With the Earth moving into a new phase of her yearly cycle and sustainability always on our minds we thought it would be an interesting treat to share a bit about what goes on, on a biodynamic farm when the sun starts to peak out from his winter hiding place.
The Beauty of Springtime
The transition from winter to spring is announced in Rancho la Paz.
New shoots of vibrant green coming from the tejocotes (Crataegus mexicana) that remained asleep throughout the winter push their way to life, bringing a softness to the stark of barren winter trees. The last soft frosts dissipate and the light birdsong of spring announces, with its wistful tune, the joy that comes with the start of a new reproductive cycle.
The Earth, after the season of inward concentration, seems now overturned—thrusting outward. The ether of new heat from the sun causes this great exhalation. Everything springs to life, everything is born anew and grows wildly from the nutritious humus—a retaliation for the death of the last season.
When the sun approaches the zenith, a feast of light begins. Each ray is reflected in the different textures of the flowers—and with it comes a sea of colors and tonalities. The unshakeable perfection of nature, now full, gives us the brief moment of its climax in this season.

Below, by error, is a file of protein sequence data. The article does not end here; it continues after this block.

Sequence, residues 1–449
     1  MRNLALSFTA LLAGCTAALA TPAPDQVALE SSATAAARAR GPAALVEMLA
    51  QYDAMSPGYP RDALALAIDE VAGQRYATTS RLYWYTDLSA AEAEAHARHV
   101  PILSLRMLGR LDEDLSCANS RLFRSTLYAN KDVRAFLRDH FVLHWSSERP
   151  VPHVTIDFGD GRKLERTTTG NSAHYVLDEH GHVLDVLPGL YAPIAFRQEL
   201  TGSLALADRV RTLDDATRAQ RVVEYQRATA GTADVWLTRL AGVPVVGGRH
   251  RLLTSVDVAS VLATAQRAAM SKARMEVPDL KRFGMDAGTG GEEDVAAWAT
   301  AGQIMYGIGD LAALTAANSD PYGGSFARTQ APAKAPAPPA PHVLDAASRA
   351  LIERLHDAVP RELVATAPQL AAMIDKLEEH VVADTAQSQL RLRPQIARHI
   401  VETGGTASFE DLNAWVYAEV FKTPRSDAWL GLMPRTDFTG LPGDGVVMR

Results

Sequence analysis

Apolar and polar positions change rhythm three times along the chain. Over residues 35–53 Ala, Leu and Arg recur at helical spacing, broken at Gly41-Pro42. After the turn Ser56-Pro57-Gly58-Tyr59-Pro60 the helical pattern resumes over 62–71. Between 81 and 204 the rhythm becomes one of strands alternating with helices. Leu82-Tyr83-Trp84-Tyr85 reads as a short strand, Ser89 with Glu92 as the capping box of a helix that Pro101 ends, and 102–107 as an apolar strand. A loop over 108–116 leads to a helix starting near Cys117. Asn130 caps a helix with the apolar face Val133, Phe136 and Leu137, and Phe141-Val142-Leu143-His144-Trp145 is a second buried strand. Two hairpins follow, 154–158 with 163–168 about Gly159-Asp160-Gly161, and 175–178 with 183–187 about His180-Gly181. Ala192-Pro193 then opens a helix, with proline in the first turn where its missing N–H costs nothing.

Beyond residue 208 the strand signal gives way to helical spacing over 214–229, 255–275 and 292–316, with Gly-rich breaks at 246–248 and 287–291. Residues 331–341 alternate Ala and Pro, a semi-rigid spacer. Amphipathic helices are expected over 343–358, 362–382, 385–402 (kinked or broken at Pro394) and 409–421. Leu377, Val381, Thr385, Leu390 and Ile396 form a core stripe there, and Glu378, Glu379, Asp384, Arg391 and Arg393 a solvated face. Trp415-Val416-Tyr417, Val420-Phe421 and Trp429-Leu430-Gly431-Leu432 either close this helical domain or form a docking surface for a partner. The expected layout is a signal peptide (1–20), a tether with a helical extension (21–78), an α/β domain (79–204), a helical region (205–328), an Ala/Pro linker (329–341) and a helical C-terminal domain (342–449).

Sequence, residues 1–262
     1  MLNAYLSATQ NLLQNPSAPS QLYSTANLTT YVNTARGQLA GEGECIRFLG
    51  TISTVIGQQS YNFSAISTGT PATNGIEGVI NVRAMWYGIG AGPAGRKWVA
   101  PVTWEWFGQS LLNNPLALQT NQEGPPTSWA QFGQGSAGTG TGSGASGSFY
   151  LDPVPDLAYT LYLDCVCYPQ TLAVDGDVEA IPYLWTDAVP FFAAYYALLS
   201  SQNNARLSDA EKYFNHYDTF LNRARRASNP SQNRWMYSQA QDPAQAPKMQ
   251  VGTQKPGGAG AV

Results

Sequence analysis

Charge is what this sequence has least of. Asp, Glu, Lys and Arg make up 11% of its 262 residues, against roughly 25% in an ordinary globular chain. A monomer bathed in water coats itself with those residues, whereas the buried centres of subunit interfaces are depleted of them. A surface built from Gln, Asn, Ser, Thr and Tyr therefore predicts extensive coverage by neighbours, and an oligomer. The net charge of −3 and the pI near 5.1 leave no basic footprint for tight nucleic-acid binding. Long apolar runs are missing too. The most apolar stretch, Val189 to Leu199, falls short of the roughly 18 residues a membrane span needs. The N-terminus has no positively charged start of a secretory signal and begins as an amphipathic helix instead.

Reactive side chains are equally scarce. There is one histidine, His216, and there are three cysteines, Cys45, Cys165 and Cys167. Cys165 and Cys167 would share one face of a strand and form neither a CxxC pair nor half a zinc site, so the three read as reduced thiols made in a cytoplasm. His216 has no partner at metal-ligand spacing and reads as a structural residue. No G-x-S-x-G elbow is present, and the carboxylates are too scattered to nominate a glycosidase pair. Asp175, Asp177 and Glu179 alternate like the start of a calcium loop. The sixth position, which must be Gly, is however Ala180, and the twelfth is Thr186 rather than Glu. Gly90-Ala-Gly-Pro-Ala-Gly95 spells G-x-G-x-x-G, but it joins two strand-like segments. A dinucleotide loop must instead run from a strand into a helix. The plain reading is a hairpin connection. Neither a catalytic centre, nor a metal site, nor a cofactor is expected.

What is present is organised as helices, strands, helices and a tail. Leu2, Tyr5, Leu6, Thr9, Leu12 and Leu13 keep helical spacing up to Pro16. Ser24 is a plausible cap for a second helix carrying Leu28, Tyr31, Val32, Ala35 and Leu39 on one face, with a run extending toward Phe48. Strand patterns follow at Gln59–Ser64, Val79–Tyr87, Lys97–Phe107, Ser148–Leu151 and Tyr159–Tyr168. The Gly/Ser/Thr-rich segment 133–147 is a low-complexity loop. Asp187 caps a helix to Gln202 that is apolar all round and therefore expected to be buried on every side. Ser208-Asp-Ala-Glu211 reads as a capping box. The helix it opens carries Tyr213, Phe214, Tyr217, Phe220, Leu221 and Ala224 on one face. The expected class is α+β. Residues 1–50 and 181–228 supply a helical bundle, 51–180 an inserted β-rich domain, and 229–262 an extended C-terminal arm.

Spring at a Biodynamic Farm
In the winter we took some of our medicinal plants into the herborium to improve their life cycle with a green fertilizer—it is time to bring them into the garden to grow comfortably alongside established plant allies.
In order for the plants to have all the necessary nutrients, we apply rock sand and biodynamic compost at the moment of the transplant. Lastly, a gentle spray of homeopathic silica is applied to strengthen the cell membranes of the seedlings and help them to establish a closer relationship with the light of this season.
Because the principles of biodynamics include the all the life on the farm, we’re excited to tell you that the bees waited patiently for this moment and now, in an outburst of joy, they strengthen their hive and then divide their perfect organism into two. One to build and the other collect nectar—as they grow, they fertilize larger and larger areas, spiraling outward from their center to the prosperity of the valley’s diversity.
Before the summer arrives with its rains we harvest and transform many of our plants to different dyes, ferments and essential oils that will serve as the basis of different herbal and homeopathic medicines.